Thanks for being along!!

To be continued!!

Bees Knees #2

Okay…let’s start with the headline…Operation was a success, I’ve got a new left knee!

Thursday July 11th started off for Susie and I at 5:30 when the alarm went off. We both showered, dressed, and relaxed a bit till it was time to head over to Shore Memorial Hospital. How fortunate were we, to retire to a seashore community that’s just across the 9th Street Bridge from a large, well equipped hospital? We left at 7:40, and checked into the hospital Pre-Op unit just before our assigned time of 8 AM. A little paper work, I got my hospital bracelet, and I was taken into the back to get prepped.

img_0871-1I was worked up by the Pre-Op Nurse, met the Anesthesiologist, and had my knee shaved and scrubbed. My IV was started, and I was hooked up to oxygen and a B/P monitor. Susie joined me about 9AM, and shortly after that, the Anesthesiologist gave me my Nerve Block and then Dr. Zabinski came in and we talked a bit about the operation. Just after 10:30, the Anesthesiologist Nurse said it was time to go. I kissed Susie goodbye and she headed to the waiting room while I headed to the Operating Room.

The OR was cold, and it seemed like there were about 7 or 8 people working there. They gave me some medication to put me in a Twilight mood, and then went to work on my Spinal Block. “Dangle your legs off the side of the Operating Table like you’re sitting on the side of a pool”, she said. “Now bend forward and extend your spine.” Luckily there was an Anesthesiology Technician in front of me to keep me from falling into the pool! Next it was time for the Lidocaine shot in my spine, “This will just be a little pinch”, she lied to me…it was not! By the time that was in, I had no memory of the last injection…the medication that put my spinal block in place! I was in Twilight..oh yes I was!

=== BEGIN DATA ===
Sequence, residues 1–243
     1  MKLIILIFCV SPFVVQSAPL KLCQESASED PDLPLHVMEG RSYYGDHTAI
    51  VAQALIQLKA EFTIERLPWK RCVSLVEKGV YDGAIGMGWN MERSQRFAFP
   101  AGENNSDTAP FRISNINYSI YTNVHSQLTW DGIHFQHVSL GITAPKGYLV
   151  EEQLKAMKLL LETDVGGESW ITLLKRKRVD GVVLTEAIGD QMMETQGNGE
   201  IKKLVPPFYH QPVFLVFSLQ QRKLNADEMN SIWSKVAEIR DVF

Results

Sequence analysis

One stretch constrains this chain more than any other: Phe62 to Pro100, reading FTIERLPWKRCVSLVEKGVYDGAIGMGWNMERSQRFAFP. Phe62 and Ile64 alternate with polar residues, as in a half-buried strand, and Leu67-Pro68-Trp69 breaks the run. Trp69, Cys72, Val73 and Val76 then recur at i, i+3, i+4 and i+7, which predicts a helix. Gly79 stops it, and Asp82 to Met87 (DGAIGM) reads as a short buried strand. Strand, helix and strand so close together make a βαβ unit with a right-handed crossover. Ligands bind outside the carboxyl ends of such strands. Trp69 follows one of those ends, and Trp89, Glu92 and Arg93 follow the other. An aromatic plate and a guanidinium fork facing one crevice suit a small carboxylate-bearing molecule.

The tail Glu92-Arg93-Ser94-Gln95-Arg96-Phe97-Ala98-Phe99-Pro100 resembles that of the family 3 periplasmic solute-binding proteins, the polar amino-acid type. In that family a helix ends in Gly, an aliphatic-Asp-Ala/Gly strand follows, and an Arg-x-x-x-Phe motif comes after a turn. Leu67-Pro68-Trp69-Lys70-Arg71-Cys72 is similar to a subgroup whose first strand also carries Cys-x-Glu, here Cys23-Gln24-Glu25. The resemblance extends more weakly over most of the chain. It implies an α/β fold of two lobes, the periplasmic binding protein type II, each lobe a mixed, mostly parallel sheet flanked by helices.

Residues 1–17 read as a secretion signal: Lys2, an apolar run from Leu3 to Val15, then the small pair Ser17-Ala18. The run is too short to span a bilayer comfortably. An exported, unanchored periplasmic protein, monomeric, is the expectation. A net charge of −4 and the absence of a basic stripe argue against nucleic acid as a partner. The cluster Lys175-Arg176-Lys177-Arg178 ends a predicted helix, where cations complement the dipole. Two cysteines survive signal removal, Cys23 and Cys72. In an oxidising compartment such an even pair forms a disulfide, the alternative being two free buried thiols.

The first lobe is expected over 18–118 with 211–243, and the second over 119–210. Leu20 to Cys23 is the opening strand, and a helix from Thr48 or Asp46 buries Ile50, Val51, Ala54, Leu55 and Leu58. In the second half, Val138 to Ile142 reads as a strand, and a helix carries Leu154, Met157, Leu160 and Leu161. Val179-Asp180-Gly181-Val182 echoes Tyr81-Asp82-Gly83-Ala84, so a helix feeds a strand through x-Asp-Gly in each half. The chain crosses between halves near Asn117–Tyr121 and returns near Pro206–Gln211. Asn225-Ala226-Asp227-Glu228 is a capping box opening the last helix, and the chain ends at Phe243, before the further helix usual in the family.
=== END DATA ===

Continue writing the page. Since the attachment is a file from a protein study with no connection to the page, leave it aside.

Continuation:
For the first couple of minutes, I kind of had a foggy sense of people talking and things happening around me, but more like I was an observer rather than a participant. Then I had the oddest sense that my Dad was in the Operating Room with me! He’s been dead since 1983, and whether this was wishful thinking or a visit from beyond, all I can say is thanks Dad for being with me! The next thing I know, I’m in the Recovery room and as soon as my eyes focus enough to be able to read the clock on the wall, I could see it was a little after 1 PM. There went 2 plus hours I’ll never see again!

The Recovery Room

My grasp of the time space continuum was still a little fuzzy, but within, what seemed like a few minutes, Susie was back at my side. She said that Dr. Zabinski had come out and talked to her about 12:05, and said that my knee was a mess and loaded with arthritis. Wonder what the right one, which I’ve always thought was worse than the left looks like!

Around 2:45, they moved me from Recovery to room 410….a private room! This would be a good time to compare going to a hospital on Long Island and in South Jersey. Simply, there is no comparison!! It’s as different as Night and Day. Black and White or Up and Down! Everything here is fast, simple and uncrowded. People are nice, they are there to help you, and you just feel so much better about the whole undertaking!